Rising demand in emerging markets, consumer lifestyle changes, and a quantum advancement in technological abilities has driven a robust Food and Beverage Production growth pace in recent years. The segment is experiencing a period of fundamental change as evidenced by the onset of artificial intelligence and process automation as well as growing demand for organics. Food and Beverage Production equipment companies across the three key sub-sectors of processing, packaging, and commercial food service have a chance to reap substantial gains. However, in order to accomplish this, they must adapt their business model and processes to conform with the changing environment. Here are some of the more significant trends that the industry will encounter in the near term:
Frozen Foods Stay Strong and Continue to Grow
For many years now, conventional wisdom has associated frozen foods with poor quality and questionable nutritional value (think TV dinners). This belief has changed dramatically in recent years. In addition to becoming a staple in many home refrigerators, frozen foods continue to grow in popularity at restaurants with a constant stream of new menu items continuing to augment their overall offerings. In 2021, Martha Stewart launched a gourmet frozen food Line featuring everything from appetizers to desserts. And continuing with the health-conscious theme, even Nestle has gotten into the act with the introduction of fan-favorite DiGiorno gluten-free crust pizza. Further driving growth, 72 percent of frozen food consumers combine frozen and fresh ingredients according to the American Frozen Food Institute, and notes that frozen pizza sales in the United States have been steadily rising — up from $4.98 billion in 2019 to $5.47 billion in 2020 with a projection of rising to $6.06 billion in 2021.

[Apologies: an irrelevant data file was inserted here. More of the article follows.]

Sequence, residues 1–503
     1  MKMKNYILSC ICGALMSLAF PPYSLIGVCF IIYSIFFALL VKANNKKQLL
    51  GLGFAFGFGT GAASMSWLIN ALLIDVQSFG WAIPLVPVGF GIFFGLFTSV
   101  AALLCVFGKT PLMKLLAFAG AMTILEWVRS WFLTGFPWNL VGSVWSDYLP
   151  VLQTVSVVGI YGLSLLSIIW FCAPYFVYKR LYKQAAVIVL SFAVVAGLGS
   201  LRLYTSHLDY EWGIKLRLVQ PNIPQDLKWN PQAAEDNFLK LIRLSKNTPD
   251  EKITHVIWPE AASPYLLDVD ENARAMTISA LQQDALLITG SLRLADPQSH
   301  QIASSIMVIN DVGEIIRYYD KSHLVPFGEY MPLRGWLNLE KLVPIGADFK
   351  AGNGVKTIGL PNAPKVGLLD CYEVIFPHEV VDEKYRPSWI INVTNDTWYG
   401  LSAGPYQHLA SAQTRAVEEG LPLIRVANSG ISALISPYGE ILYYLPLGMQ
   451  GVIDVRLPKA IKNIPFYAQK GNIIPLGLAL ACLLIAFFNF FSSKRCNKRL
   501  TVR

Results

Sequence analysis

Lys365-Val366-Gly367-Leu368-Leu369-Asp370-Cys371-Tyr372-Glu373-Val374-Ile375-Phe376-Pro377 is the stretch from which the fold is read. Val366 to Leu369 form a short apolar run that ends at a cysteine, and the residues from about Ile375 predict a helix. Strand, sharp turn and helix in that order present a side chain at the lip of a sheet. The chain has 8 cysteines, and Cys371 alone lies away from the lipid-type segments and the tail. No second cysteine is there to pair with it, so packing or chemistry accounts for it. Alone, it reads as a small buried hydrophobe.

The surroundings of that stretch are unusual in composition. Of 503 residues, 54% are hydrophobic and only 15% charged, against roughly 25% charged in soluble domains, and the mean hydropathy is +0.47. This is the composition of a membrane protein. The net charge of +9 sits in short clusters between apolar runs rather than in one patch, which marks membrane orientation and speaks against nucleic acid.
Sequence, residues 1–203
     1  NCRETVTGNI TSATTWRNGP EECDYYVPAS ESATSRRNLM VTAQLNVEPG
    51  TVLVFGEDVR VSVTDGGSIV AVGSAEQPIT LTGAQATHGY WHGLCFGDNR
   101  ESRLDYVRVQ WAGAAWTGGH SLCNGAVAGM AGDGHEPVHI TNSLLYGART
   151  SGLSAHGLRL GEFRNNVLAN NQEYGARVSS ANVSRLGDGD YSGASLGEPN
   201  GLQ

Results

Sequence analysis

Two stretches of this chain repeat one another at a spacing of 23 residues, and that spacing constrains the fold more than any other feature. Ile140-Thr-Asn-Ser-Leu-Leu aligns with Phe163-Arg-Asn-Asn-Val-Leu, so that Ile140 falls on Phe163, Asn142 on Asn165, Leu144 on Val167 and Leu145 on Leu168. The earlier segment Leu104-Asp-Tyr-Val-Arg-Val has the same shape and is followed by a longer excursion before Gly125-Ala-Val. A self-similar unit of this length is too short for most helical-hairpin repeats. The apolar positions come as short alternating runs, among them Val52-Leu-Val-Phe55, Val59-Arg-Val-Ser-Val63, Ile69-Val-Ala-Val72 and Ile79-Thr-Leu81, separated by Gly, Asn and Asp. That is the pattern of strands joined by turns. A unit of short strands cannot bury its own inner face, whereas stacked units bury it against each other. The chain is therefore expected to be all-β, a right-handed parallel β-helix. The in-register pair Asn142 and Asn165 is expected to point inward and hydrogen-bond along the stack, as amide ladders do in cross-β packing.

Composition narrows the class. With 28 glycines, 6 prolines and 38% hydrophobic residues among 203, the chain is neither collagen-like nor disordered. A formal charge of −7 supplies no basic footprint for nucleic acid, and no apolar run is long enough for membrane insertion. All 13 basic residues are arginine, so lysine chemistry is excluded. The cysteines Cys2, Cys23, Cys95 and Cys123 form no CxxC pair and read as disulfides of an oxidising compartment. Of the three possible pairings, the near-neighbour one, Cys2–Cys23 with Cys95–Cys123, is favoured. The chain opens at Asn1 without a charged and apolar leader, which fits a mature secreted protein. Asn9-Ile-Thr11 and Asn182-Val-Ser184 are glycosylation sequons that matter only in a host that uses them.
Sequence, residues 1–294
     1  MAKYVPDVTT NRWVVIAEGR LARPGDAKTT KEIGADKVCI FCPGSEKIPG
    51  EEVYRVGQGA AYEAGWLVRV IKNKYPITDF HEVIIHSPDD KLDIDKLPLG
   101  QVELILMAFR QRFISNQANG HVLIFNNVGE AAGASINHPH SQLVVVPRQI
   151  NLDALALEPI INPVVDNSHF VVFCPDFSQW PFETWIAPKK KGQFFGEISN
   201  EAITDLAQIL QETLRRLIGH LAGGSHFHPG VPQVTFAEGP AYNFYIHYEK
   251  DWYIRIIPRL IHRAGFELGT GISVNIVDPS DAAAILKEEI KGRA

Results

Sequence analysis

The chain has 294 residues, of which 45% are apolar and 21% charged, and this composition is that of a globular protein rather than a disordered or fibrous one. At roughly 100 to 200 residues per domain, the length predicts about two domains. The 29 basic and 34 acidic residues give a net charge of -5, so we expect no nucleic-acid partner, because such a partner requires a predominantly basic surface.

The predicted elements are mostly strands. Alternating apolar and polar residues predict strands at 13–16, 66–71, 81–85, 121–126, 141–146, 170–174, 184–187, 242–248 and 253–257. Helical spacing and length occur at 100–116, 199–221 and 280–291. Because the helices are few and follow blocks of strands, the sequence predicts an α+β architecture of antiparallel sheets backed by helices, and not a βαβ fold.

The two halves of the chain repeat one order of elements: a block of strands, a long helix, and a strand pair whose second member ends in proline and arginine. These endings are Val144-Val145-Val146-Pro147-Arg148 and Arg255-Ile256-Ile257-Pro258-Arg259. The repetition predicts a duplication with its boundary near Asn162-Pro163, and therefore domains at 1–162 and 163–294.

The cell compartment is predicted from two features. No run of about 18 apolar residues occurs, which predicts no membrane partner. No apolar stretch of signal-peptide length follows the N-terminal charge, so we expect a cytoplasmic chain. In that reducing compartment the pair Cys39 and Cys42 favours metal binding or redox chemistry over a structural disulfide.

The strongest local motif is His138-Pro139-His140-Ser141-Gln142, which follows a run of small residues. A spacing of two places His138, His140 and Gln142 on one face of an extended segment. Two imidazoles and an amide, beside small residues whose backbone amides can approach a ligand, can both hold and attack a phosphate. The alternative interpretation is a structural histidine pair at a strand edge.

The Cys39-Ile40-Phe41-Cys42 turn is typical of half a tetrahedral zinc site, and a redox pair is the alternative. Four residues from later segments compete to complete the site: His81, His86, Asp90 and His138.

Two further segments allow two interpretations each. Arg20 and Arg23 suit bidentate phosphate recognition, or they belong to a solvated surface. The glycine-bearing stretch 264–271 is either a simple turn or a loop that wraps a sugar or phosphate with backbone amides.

Automation Presents Opportunities and Potential Solutions
One of the ill side effects of the COVID-19 pandemic was the creation of labor shortages throughout many industries. Struggling to find labor to replace the shortfall, manufacturers have turned to automation as a solution to help address this challenge. The lack of available labor is going to continue pushing automation as a solution for some time to come. Although the degree of applicability of automation differs between various processors, manufacturers should carefully analyze their situation to determine if automation can provide more output for them. For those cases where this is true, priority needs to be given to integrating such action.